Following his 1961 graduation from St. Anne Community High School, the Papineau Township man worked at the then-thriving Kankakee Roper manufacturing plant.
He later had a 10-year career as an Illinois State Trooper, having worked out of the Pontiac and then the Ashkum districts.
However, following a 10-year stint of patrolling the maze of district roads, Schroeder found his true love — agriculture — as well as a dash of politics.
Schroeder died Jan. 10 at Loyola University Medical Center following an extended illness. He was 80.
The former 24-year Iroquois County Board member, who represented the Papineau Township region, which bumped up against the Kankakee County line, also served the final nearly 11 years as board chairman.
Former Iroquois County Board member, Russ Bills, whose 27-year county board tenure bookended Schroeder’s, said while he didn’t always agree with the former chairman, he always respected him.
Bills said when Schroeder dug in his heels on a subject, he would not relent.
“He could be very aggressive,” Bills said.
He recalled an instance in which several members wanted to update a fire alarm system in a county building. Schroeder was at a loss. He stopped the committee meeting, walked out of the room and pulled a fire alarm.
It of course sounded, and emergency responders arrived.
He walked back to the meeting room and said it appeared the system was functioning.
“It was one of the biggest tee-hee moments I can ever remember,” Bills said. “They never talked about the new system again.”
Bills said he often met Schroeder at his farmhouse to talk one-on-one regarding county issues.
“His heart was always into Iroquois County,” Bills said. “He wanted people working together to accomplish things. He wanted to get things done.”
At one time, Schroeder was also a member of the St. Anne Grade School Board.
While he enjoyed police work, it was not his passion.
“Ron was too independent to be a trooper. He was too independent to follow directions,” explained wife, Linda “Cookie” Schroeder, who was also his farming partner. “The tractor seat is where he wanted to be.”
And, there was one commonly known fact in the agricultural world of Iroquois County, Cookie explained.
“If Ronnie beat you to the field, you were in trouble,” she chuckled. “Ronnie was not a morning guy. He would work late into the night, but he hated getting up in the morning. He didn’t like to get out of bed.”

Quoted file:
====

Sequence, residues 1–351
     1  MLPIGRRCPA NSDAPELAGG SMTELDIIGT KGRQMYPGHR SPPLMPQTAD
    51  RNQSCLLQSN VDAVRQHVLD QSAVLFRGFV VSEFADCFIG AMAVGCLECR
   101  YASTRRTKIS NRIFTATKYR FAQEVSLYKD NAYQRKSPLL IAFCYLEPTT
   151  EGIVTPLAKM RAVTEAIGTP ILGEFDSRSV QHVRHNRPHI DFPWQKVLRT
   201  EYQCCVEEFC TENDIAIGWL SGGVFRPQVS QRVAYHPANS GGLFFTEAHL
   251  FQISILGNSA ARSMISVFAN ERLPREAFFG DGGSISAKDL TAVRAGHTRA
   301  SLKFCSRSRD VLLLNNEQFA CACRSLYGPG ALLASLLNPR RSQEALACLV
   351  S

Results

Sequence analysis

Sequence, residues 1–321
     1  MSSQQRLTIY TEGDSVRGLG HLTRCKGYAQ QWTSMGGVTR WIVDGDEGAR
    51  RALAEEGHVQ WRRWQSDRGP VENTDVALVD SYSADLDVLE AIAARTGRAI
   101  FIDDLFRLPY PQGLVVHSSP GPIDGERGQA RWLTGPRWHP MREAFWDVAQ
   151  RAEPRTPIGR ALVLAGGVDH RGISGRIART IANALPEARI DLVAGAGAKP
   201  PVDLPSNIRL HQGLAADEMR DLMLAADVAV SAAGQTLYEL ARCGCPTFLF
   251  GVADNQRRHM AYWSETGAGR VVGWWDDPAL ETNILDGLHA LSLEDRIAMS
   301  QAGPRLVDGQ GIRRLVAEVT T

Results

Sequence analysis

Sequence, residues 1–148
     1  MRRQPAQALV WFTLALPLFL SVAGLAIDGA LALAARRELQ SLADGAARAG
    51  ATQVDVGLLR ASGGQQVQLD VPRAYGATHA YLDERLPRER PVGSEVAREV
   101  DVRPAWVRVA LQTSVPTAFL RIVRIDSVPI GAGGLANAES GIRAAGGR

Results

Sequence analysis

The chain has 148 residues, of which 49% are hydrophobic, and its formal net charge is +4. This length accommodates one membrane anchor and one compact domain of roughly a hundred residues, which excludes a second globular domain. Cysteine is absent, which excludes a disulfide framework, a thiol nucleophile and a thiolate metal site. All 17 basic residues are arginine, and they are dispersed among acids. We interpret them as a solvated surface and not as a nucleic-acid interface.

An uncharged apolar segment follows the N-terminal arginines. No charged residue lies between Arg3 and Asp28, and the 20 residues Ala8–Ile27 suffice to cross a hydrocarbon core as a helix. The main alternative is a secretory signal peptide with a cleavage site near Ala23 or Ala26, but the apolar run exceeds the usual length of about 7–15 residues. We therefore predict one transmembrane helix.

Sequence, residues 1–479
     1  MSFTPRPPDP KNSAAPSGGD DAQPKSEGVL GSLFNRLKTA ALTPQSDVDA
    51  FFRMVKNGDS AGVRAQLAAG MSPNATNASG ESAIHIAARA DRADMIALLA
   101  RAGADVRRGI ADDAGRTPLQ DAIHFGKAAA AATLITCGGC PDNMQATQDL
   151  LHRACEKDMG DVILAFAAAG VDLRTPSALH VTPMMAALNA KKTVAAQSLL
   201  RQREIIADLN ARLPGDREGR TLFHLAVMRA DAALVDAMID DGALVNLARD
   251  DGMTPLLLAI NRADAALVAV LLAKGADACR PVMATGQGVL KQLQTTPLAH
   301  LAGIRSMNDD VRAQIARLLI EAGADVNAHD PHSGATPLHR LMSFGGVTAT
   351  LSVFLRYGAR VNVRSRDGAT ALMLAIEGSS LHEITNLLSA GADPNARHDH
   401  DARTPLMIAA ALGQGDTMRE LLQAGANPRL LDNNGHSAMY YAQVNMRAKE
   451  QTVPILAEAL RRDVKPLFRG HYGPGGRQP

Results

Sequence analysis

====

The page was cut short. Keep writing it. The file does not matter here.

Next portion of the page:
Despite that agriculture oddity, Ron was in his element working on a farm which at one point reached about 700 acres. The couple also raised an assortment of livestock, ranging from hogs, veal calf, sheep and a sprinkling of chickens.
Farming neighbors noted that when Schroeder did start his day, he was not only dedicated to his farm but also to those of friends and neighbors.
One of those farming neighbors was John Schoth. The two knew one another for some 50 years.
“He was a community man and just a good guy,” the farmer said.
Schoth said there was one key rule most people adhered to: Don’t talk politics with Ron.
“I stayed out of the politics with him,” he said. “He had his opinions. He liked to be in control of things, and he was smart. Ron was no dummy, and he was not going to back down. If he had an opinion, he wasn’t going to get off of it.”
Another farming neighbor, Ben Reichert, recalled several off-the-farm trips he took with Ron to the Joliet gaming boat.
Schroeder was known for his sweet tooth and, with a buffet line filled with meats and side dishes, he bypassed all of it. He traveled straight to the dessert tables and loaded up on sweets.
“Whenever I would stop by Ron’s to talk, he always had a box of donuts,” Reichert said. “He was a great guy. If I ever needed something, Ron was always there to help.”
Like Schoth, Reichert shied away from political conversation. That tactic didn’t mean they never talked politics.
“Let me just say he wouldn’t take political advice,” he said. “I would offer some, but I don’t think he ever used it. I think I can say he never used it. But I will say, Ron was a good guy.”